China Steps Up On Environment, Study Verifies Reduced Emission

Jun 25 2018
Written by NYU Shanghai

Over the past several years, the Chinese government has been implementing stringent policies to curb air pollution. To what extent are those policies effective? Now, an innovative study co-authored by Zhang Shuang, assistant professor of economics at NYU Shanghai, proclaims that China is making independently verifiable progress in reducing sulfur dioxide from coal power plants.  

The paper, titled Quantifying Coal Power Plant Responses to Tighter SO2 Emissions Standards in China, was published in Proceedings of the National Academy of Sciences (PNAS) on June 18.

The study evaluated the impact of China’s new air pollution standards on emissions of sulfur dioxide (SO2), a pollutant associated with respiratory illnesses, by comparing newly available data recorded by the plant-level Continuous Emissions Monitoring Systems (CEMS) with data collected from a satellite of the US National Aeronautics and Space Administration (NASA).


“We observed large reductions in the concentration of sulfur dioxide (SO2) from coal power plants in China following the implementation of a tougher national air emissions standard starting in July 2014. We also found a corresponding decline in SO2 measures in satellite observations,” said Zhang.

The research, led by Zhang, was jointly conducted by Valerie Karplus, an assistant professor at the MIT Sloan School of Management, and Douglas Almond, a professor in the School of International and Public Affairs and the Department of Economics at Columbia University.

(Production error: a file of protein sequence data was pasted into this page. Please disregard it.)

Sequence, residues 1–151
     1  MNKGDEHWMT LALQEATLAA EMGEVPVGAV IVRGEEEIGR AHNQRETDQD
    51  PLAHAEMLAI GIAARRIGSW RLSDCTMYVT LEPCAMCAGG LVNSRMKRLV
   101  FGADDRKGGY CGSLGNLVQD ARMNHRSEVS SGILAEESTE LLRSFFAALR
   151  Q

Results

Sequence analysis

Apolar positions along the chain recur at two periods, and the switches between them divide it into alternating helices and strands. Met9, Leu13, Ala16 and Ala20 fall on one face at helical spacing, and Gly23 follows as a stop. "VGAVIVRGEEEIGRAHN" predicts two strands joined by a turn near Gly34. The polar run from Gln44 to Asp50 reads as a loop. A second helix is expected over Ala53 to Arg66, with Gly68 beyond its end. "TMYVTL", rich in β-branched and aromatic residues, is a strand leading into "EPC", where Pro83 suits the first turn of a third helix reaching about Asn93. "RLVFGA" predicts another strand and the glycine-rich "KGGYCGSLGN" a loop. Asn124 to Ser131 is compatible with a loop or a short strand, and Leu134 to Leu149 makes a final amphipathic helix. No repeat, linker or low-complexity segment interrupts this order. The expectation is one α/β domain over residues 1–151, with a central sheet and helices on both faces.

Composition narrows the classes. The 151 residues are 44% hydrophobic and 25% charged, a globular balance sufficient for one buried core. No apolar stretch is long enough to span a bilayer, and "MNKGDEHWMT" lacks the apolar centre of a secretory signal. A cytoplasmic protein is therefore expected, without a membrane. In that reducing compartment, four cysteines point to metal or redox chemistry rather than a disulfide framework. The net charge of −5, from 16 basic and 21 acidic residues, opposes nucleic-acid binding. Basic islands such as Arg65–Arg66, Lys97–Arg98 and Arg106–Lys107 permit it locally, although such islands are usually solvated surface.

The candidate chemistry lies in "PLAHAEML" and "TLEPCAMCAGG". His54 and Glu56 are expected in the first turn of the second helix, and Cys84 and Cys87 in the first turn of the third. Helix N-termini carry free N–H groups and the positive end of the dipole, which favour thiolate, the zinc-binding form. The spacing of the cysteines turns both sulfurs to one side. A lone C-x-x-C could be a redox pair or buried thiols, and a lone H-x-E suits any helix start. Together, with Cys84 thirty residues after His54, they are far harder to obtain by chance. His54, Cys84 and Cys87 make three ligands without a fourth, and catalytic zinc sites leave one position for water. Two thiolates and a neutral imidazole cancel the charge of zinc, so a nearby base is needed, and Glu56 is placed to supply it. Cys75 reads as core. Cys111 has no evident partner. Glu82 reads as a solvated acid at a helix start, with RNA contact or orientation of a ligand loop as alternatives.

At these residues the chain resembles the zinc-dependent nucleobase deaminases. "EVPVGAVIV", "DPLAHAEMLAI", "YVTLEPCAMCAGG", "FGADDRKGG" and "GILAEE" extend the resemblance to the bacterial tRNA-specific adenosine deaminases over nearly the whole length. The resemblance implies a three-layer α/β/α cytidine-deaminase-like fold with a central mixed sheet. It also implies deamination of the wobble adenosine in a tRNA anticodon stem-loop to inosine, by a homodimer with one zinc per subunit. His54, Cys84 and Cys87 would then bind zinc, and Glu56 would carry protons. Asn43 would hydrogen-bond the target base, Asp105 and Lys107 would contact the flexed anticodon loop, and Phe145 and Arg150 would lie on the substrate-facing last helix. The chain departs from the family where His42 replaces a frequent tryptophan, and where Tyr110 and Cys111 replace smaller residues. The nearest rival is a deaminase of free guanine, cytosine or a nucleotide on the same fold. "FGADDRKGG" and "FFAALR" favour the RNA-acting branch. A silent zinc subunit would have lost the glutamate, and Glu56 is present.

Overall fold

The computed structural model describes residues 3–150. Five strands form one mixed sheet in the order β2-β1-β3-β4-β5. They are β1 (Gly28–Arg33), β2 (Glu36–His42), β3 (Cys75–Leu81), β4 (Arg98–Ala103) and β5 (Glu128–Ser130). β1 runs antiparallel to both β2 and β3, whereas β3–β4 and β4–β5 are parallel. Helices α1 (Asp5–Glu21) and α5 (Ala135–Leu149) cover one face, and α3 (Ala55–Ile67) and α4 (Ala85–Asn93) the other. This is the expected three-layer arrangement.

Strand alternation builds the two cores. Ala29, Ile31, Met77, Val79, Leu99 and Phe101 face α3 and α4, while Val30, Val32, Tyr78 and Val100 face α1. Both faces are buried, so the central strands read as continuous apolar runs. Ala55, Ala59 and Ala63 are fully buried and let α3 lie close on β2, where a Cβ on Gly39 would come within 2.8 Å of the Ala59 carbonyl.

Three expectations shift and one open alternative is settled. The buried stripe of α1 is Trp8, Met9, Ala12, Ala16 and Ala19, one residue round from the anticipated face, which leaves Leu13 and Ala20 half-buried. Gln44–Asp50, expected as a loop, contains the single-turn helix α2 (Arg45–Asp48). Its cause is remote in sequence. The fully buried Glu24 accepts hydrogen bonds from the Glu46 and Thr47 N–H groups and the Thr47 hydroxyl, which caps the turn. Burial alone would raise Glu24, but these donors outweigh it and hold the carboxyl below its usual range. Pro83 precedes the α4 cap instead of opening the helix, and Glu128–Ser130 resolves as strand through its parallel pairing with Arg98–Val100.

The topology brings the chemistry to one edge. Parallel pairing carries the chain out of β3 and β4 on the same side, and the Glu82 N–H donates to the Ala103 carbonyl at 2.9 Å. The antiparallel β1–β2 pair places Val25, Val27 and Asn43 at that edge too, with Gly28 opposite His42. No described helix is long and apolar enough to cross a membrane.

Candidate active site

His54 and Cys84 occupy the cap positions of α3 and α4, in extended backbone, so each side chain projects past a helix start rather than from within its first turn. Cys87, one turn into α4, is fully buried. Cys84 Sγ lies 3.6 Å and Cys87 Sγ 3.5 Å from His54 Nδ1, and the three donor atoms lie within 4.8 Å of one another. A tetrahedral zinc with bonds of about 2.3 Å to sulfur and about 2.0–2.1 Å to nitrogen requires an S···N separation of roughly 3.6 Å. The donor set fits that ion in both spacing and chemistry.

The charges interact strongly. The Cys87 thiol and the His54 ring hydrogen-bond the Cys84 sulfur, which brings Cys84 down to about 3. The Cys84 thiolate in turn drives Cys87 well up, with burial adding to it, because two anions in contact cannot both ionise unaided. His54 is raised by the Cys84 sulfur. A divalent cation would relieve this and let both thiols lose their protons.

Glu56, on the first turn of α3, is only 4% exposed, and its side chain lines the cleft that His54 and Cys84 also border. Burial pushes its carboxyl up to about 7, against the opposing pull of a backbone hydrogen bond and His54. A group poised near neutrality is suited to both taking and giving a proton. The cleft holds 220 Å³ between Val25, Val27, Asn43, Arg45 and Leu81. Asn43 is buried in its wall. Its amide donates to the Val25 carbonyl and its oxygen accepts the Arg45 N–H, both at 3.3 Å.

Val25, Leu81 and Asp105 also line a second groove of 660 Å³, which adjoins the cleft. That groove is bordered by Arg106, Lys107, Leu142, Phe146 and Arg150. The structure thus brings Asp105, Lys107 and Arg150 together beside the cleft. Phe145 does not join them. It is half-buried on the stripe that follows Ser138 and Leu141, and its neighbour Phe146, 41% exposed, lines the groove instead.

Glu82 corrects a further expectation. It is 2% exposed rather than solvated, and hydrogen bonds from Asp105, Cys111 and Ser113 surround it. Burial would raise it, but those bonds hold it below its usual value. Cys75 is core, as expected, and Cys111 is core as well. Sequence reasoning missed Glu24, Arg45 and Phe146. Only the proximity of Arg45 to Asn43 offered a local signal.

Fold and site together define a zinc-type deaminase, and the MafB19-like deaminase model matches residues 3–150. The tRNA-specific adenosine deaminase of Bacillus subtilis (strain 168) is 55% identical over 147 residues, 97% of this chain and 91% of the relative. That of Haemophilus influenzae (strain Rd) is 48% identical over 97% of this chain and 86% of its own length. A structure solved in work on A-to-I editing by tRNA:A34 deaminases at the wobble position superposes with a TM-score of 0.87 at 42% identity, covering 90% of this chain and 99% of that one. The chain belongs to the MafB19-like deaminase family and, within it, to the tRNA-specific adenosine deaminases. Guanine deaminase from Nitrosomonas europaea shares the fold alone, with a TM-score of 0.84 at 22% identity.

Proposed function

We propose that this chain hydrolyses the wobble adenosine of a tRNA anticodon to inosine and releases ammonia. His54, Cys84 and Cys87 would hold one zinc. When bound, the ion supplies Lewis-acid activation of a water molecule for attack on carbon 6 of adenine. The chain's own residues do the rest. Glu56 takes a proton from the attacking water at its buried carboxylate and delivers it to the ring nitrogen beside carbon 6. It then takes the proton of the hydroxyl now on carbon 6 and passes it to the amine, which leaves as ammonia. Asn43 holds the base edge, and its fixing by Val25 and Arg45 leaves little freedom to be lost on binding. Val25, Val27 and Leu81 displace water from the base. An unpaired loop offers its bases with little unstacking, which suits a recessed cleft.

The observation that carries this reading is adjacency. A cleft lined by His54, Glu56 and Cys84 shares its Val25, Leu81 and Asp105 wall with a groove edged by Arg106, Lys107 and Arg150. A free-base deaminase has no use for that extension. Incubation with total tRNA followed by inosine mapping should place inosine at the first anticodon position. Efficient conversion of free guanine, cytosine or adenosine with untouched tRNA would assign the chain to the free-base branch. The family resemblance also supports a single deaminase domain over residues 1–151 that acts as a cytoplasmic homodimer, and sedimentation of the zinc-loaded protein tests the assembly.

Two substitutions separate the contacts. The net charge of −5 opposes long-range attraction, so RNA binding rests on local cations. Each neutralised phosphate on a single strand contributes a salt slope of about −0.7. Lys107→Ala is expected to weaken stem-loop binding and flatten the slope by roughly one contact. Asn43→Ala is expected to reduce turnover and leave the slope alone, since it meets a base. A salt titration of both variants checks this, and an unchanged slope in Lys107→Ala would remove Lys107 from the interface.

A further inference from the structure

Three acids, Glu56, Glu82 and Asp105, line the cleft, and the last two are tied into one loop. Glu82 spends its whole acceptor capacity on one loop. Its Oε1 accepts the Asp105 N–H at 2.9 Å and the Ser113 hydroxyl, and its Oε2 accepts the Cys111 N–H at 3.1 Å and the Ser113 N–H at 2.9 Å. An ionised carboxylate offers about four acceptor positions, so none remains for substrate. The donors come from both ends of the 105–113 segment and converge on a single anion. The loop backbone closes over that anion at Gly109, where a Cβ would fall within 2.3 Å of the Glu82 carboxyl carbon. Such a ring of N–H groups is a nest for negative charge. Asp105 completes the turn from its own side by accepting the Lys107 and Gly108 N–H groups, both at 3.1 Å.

With the policy in place, the researchers found that overall, the CEMS-recorded concentration of SO2 emissions at coal power plants fell by 13.9 percent. However, there has been conspicuous regional differences in the reduction, depending on the stringency level of the new standard.

Intriguingly, post-policy reductions in CEMS and satellite measurements correspond closely in “non-key” regions, where the maximum allowable concentration of sulfur dioxide was lowered from 400 milligrams per cubic meter to 200 milligrams per cubic meter.

But in heavily polluted and populated “key” regions, where the limit was placed at 50 milligrams per cubic meter, the research found weaker corresponding evidence.

“Many plants in key regions constrained largely by the vintage of installed equipment, required substantial changes to their pollution removal technology or operational practices to meet the tighter standards. Despite a large drop in SO2 emissions concentrations, many firms ultimately fell short,” Zhang said.

In addition to outlining the uplifting progress, the new study also prescribes a couple of policy lessons for China’s air pollution control efforts. Zhang said an important first step involves clarifying reporting requirements and improving the accuracy and reliability of the data.

“Remote sensing data from the satellite, for example, should be used as an independent check on the numbers that authorities are getting from the emitters,” Zhang said. “Governments could also provide compliance flexibility to emitters to comply with tougher standards with the help of emissions trading systems.”